for exchange and
The British Museum works with a range of partners in national, regional and independent museums across Ghana to share skills, expertise and knowledge.
Since 2007 the Africa Programme has organised more than 12 in-country training workshops focusing on core activities such as collections care, documentation and display. This programme enables the participants to implement positive changes in their own museums, generating confidence and building new practical skills.
- Archaeology Museum, University of Ghana, Legon
- Armed Forces Museum, Kumasi
- Manhyia Palace Museum, Kumasi
- Prempeh II Jubilee Museum, Kumasi
- The National Museum, Accra
- Volta Regional Museum, Ho
Map of Ghana showing the locations
of partner organisations
David Owusu Darkwah (Manhyia Palace Museum) and Patricia Amo (Prempeh II Jubilee Museum) using a viewfinder to describe parts of Kumasi Fort.
Hagar Kofie (Armed Forces Museum) and Gideon Agyare (University of Ghana, Legon) looking at a pattern finder at Prempeh II Jubilee Museum.
Honour Arku (Volta Regional Museum) and Christina Fofie (Armed Forces Museum) using feely bags to describe and draw mystery objects.
Local school students on an interactive tour at Ghana Armed Forces Museum.
Getting interactive in Ghana
As part of the Africa Programme’s strong relationship with Ghana, the latest in a series of dynamic workshops for museum professionals was held in Kumasi during March 2013. Participants from across the city were joined by colleagues from Ho, Legon and Ntonso.
The workshop focused on interactive educational techniques and built on the knowledge and skills base developed over the last few years. At the end of the week, local school students were able to experience new thematic tours that explored the historic fort building and fascinating collections of the Ghana Armed Forces Museum.
Partners have also been making use of their special teaching collections, created during a previous workshop, as part of the ongoing development of their educational provision. Outreach sessions in local schools use carefully selected handling objects to teach Ghanaian archaeology, Asante arts and culture, and aspects of army life.
The Ghana workshop team at the Armed Forces Museum, March 2011
Gideon Agyare (University of Ghana, Legon), Justice Brobbey and Gordon Frimpong (Manhyia Palace Museum) cleaning the colours hall, March, 2011
Nii Ayi Amu (National Science Museum) and Hagar Fofie (Armed Forces Museum), preparing regimental colours for display, March, 2011
Issifu Mohammed (Armed Forces Museum), Olivette Barnette (National Museum, Sierra Leone) and Gideon Agyare (University of Ghana, Legon) making insect traps at Ghana Armed Forces museum, March, 2011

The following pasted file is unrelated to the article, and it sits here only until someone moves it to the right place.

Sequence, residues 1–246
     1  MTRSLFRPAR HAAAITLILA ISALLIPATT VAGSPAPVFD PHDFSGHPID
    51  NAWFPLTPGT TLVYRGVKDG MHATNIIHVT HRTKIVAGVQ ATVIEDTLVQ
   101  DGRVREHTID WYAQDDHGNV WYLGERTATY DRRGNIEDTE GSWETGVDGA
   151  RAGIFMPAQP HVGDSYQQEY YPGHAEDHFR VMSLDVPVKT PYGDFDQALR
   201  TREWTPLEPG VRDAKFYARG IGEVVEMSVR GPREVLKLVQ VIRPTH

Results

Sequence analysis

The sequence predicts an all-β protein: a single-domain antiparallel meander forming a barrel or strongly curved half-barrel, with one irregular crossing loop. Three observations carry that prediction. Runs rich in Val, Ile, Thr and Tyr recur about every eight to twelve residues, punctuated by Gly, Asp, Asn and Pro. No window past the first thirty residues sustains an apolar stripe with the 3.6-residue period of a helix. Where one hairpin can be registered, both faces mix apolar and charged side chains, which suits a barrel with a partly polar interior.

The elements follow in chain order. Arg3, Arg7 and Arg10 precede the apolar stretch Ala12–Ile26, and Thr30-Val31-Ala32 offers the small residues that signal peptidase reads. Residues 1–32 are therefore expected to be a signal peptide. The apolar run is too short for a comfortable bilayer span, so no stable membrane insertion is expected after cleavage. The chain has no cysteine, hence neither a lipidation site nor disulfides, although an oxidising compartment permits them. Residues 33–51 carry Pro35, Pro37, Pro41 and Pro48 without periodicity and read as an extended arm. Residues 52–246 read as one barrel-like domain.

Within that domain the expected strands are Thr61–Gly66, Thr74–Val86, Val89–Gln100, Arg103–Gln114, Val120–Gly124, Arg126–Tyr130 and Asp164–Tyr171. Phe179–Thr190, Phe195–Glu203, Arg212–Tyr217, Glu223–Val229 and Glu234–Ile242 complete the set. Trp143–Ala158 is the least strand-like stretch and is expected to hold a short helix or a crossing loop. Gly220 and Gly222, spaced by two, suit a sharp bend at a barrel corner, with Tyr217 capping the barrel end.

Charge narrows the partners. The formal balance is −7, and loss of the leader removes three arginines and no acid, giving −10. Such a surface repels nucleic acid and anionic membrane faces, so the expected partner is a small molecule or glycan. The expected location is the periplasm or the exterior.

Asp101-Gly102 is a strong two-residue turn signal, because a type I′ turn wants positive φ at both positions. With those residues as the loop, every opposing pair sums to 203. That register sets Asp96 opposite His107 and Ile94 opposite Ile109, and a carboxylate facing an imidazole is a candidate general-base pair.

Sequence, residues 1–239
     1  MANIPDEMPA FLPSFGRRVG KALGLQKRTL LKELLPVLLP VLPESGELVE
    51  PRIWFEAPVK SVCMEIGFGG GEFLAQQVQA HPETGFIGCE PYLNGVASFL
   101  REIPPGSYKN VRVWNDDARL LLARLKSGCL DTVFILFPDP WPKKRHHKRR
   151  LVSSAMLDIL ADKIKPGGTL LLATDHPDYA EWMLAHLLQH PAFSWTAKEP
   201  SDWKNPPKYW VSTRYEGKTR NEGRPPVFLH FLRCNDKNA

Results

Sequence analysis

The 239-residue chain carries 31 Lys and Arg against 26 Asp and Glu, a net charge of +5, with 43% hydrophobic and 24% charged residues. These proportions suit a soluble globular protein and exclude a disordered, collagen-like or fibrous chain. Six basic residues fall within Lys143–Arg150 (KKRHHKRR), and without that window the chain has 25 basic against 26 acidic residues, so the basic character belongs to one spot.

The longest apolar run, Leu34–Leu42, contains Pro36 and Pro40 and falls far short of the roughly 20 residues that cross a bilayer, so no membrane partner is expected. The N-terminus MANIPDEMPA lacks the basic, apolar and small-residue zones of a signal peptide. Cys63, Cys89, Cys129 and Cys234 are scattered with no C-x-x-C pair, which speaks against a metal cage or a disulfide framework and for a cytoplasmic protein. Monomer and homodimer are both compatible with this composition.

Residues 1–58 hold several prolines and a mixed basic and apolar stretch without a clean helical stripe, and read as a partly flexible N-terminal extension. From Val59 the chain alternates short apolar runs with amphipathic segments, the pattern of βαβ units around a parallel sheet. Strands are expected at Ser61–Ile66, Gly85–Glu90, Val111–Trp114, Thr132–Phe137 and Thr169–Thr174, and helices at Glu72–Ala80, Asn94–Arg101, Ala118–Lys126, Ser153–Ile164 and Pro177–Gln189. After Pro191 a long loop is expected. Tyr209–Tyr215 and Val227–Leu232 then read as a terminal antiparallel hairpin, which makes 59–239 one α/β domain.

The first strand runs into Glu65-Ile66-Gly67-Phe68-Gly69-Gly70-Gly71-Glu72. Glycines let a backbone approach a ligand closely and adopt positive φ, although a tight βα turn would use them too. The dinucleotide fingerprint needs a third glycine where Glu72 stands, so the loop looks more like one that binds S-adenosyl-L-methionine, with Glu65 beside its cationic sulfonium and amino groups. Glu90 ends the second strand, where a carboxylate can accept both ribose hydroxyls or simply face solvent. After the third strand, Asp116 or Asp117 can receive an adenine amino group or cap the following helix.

Patricia Amo (Premeh II Jubilee Museum) working on a leopard skin; part of the ceremonial uniform of a Drum Major. The leopard was caught in Kumase around 1900
Honour Arku (Volta Regional Museum) cleaning the colours of the West African Frontier Force Gold Coast Regiment.
Nii Ayi Amu (National Science Museum) mounting silver bugles
The completed Drum Hall display, March 2010
(left to right) Heidi Cutts (British Museum), Lieutenant Colonel Affram (COO), Dr. Gavua (University of Ghana, Legon), Lieutenant Colonel Lawluvi (CLO) and Major M.O. Tweneboa -Kodua (rtd) at the AFM open day
Preserving Ghana’s cultural heritage
A strong partnership developed over the past two years with the Armed Forces Museum (AFM) has established an excellent model for learning and exchange. This centrally located museum in Kumase is housed in the only inland fort in Ghana.
A series of structured workshops with participants drawn from the different partners has transformed some key displays and work continues on the documentation and digitisation of important historical collections of objects and photographs.
This successful collaboration would not have been possible without the dedication and hard work of the museum staff, the inspiring leadership of the curator and major support and encouragement from senior officers of the Northern Command.
The Fabric of a Nation display at the British Museum, February 2007
Culture and Proverbs section of the display at the British Museum, February 2007
Aba Atta-Quayson (University of Ghana, Legon) installing The Fabric of a Nation exhibition at the Department of Archaeology Museum, University of Ghana, Legon, March 2007
Gertrude Aba Mansah Eyifa Dzidzienyo (University of Ghana, Legon) in front of the finished display celebrating Ghana’s 50th anniversary of independence, March 2007
The exhibition team, University of Ghana, Legon, March 2007
Joshua Agyekum (British Museum) and Queen Mother opening The Fabric of a Nation at Wardown Park Museum, Luton, August 2009
Weaving, dyeing and making course, part of The Fabric of a Nation public programme, Brent Museum, February 2011
Artist Seiwa Cunningham (left) running a textile workshop with the local community, part of the preparation for The Fabric of a Nation exhibition at Brent Museum, August 2010
Celebrating the Fabric of a Nation
A pioneering project undertaken by staff from the Africa Programme working in partnership with the Department of Archaeology (now the Department of Archaeology and Heritage Studies) at the University of Ghana, Legon to celebrate the 50th anniversary of Ghanaian independence in 2007.
This collaborative research project sourced two collections of printed textiles, one for each institution, which were displayed in complementary exhibitions at the British Museum and at the University of Ghana. The exhibition installation in Ghana was supported by an Africa Programme training workshop for University staff and students.
The British Museum version of The Fabric of a Nation subsequently travelled to six venues across the UK as part of the Museum in the UK programme ending its tour at Brent Museum in north London. The displays of beautiful wax and ‘fancy’ cloths inspired community projects and supported activities for visitors of all ages.